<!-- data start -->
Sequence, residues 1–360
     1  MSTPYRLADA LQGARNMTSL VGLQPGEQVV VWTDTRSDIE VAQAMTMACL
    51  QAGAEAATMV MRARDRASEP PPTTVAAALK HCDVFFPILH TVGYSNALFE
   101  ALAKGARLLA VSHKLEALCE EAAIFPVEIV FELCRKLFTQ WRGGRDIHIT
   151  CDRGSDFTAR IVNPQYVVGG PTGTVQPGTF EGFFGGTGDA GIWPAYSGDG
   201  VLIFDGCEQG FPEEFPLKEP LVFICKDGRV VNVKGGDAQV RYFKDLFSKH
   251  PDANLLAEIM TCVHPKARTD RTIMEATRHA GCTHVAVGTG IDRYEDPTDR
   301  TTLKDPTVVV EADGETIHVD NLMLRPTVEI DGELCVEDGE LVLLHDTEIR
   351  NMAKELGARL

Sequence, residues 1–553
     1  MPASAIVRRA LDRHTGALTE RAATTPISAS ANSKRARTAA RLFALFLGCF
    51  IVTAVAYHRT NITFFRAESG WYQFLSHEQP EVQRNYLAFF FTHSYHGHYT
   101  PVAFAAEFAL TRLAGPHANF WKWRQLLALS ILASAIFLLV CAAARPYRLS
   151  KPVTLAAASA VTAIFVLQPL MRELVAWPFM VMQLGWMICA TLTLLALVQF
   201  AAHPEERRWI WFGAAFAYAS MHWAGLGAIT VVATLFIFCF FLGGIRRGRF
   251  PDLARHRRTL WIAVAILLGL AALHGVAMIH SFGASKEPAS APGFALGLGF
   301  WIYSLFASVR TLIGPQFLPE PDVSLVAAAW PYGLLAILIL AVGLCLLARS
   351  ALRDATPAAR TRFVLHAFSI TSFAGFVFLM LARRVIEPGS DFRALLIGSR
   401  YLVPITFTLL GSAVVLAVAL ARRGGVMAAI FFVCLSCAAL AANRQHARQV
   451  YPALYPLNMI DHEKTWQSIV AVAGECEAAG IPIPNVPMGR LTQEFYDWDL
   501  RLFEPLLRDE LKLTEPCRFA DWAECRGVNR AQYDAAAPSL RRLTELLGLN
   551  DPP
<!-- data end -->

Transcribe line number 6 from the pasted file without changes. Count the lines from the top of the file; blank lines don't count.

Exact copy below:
   201  VLIFDGCEQG FPEEFPLKEP LVFICKDGRV VNVKGGDAQV RYFKDLFSKH